This week the UK policing think-tank, The Police Foundation, published its much anticipated Report on pension scamming in the UK.

The Report was published in conjunction with the People’s Pension and other key industry players, and is particularly timely given the increased vulnerability of pension savers to scams in light of Covid-19.

Key findings

  • Pension benefits make up approximately 42% of aggregate household wealth in the UK (that’s more than property). Pension benefits are immensely valuable economic assets that need to be better protected.
  • The scale of pension scamming is far greater than official figures suggest. The term “scam” encapsulates a broad spectrum of activity: from the ethically dubious but legally sound, right through to criminal fraud. The result is that there are no reliable statistics which show the true extent of the problem. But industry experience tells us it’s a lot worse than we might think.
  • The fact that most pension savers have a statutory right to transfer their pension thwarts efforts to protect them from scams.
  • People have been given more freedom to access their pension in a way that suits them, but this new freedom has not been matched by a corresponding level of personal understanding or feeling of responsibility. Many people lack the engagement, experience or knowledge to navigate what can be a confusing area of finance. Engagement with resources such as Scamsmart continues to be lower than expected, and most savers who are warned that their transfer request may be a scam choose to proceed anyway.

Key recommendations for change

  • Schemes should have to perform enhanced due diligence checks on transfer requests, and report suspected scams to their regulator. It should be mandatory for those involved to have training to help them identify scams. Pension scams are increasingly complex, often blending both legitimate and illegitimate elements that can make them hard to spot. Standards of due diligence currently vary, and the result is that some pension savers are better protected than others.
  • A new framework should be developed, modelled on the Banking Protocol, which gives pension companies the power to trigger an urgent regulatory response to savers at risk of being scammed. The Banking Protocol allows frontline staff in the banking sector to act on concerns by initiating an emergency response from the police or Trading Standards. There is currently no mechanism by which the pensions industry can trigger a similar response.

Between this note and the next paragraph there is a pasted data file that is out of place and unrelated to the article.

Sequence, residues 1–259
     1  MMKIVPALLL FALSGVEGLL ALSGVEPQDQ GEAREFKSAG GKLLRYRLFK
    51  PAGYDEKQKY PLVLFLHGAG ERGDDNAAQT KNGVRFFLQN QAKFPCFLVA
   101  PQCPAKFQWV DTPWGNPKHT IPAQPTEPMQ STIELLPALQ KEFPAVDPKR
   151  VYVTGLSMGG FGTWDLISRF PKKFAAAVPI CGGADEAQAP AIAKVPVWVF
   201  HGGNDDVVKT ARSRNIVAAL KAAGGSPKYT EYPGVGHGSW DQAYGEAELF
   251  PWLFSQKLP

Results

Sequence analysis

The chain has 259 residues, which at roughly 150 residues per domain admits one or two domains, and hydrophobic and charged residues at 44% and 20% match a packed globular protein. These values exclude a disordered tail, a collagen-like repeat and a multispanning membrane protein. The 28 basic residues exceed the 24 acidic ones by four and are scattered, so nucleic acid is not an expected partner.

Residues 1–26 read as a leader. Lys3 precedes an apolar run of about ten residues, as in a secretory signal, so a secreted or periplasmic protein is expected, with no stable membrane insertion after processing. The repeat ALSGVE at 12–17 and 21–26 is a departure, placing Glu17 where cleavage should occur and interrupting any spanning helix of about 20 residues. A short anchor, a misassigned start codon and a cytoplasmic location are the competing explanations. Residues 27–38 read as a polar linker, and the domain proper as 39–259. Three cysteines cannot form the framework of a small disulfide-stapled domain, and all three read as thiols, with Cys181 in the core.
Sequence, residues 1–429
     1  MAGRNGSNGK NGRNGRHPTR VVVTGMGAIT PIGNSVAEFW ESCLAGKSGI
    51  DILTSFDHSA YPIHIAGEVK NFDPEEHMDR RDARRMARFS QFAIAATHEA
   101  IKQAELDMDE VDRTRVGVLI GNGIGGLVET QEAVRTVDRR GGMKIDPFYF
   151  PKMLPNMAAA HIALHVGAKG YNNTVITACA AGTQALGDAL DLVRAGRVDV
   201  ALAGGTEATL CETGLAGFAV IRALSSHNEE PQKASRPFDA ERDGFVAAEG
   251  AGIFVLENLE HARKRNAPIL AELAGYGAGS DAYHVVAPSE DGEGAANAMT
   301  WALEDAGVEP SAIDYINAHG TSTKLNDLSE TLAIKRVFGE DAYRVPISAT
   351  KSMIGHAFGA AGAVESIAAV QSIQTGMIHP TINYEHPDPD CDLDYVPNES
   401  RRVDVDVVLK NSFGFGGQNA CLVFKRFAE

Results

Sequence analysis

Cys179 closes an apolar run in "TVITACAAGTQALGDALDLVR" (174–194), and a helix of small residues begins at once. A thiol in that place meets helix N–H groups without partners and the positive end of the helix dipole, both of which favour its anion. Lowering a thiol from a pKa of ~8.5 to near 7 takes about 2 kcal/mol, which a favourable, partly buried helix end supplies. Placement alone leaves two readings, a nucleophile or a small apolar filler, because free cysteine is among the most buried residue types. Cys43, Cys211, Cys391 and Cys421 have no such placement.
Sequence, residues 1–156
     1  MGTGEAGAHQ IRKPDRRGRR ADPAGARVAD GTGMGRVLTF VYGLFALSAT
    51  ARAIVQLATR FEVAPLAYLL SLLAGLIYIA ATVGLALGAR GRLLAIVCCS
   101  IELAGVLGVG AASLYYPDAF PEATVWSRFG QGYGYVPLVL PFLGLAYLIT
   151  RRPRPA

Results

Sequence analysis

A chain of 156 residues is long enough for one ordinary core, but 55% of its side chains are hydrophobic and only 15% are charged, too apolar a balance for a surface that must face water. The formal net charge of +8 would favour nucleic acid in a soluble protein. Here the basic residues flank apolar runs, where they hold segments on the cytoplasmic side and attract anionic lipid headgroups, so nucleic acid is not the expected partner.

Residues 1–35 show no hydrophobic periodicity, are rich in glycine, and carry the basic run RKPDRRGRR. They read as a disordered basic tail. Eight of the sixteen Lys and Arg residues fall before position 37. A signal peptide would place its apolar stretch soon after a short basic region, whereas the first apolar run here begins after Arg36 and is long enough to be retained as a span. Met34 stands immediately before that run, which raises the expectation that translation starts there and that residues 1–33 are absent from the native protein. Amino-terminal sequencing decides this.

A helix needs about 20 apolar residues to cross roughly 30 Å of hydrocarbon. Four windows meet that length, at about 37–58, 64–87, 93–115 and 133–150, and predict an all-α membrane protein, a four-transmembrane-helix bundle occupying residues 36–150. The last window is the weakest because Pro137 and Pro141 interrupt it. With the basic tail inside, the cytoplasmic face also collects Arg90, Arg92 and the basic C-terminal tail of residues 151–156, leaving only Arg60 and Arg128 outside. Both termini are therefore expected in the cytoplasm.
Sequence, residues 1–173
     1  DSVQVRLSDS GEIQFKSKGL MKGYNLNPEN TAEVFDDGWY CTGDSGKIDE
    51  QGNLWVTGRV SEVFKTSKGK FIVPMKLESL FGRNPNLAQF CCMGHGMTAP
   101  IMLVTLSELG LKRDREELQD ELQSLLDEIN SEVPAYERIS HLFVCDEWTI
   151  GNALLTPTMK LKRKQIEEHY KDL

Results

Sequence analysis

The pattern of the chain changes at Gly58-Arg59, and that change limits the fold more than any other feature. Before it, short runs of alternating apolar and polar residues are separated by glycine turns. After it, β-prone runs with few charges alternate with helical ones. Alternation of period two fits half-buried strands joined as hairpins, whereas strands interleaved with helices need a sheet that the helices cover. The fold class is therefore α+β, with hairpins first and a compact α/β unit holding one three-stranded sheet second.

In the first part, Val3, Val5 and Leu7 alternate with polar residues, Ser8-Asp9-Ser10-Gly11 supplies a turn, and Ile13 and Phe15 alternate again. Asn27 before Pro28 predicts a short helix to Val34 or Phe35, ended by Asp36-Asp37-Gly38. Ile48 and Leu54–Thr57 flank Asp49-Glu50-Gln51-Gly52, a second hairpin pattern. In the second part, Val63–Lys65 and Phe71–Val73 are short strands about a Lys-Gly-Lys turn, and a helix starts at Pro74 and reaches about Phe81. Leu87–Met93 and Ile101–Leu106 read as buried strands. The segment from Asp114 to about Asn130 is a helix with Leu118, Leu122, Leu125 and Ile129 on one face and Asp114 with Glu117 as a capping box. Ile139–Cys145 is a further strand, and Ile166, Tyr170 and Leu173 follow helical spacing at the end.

• Regulators should be given the power to override an individual’s statutory right to transfer. Individuals who disagree with the regulators’ decisions would then have a right of appeal to the Pensions Ombudsman.
  • The definition of pension scamming should be widened to ensure crime data more accurately reflects what’s happening on the ground.
  • A central intelligence database should be created to make collecting and analysing intelligence easier. While industry led intelligence-gathering already exists, there is need for a more comprehensive and systematic approach.
  • A system should be introduced whereby HMRC will not hold victims of pension scams liable for any related tax penalties. Scam victims often suffer heavy tax penalties, which can add insult to injury.
  • Pension ‘introducers’ should be subject to regulation. Introducers are a consistent feature of many pension scams, and usually sit outside the FCA’s remit.


The Report’s findings reflect the experience of many of us working on the ground, and its research is hugely valuable in highlighting the complex issues that make pension scamming a tricky problem to solve.

Its recommendations are far-reaching, targeting crucial areas where change is required. But there is no getting away from the fact that they are ambitious, and implementing them would require a level of cross-agency and cross-sector collaboration that is unprecedented in this area. It would also rely on many agencies being willing to adopt wholesale change and take on greater responsibility – which they may or may not be happy, or funded, to do.

The nuances of the recommendations themselves also require careful consideration to ensure they would work effectively in practice. For example, it is difficult to see how HMRC would be able to adequately assess the culpability of a scam victim to determine whether it was appropriate to waive the tax penalties that would normally apply to them. In many cases there will simply be no reliable evidence of the victim’s level of understanding or motivation. Similarly, it may be unrealistic to expect that regulators will have the resource to review the (potentially thousands) of suspicious transfer requests that may be reported to them every year to determine whether they should override a member’s statutory right.

Increasing the focus on the dangers of pension scamming is not only welcome, but essential, and the Police Foundation should be credited for their work in doing that.

If you’re a trustee, provider or employer and need advice in this area, we’d be happy to help.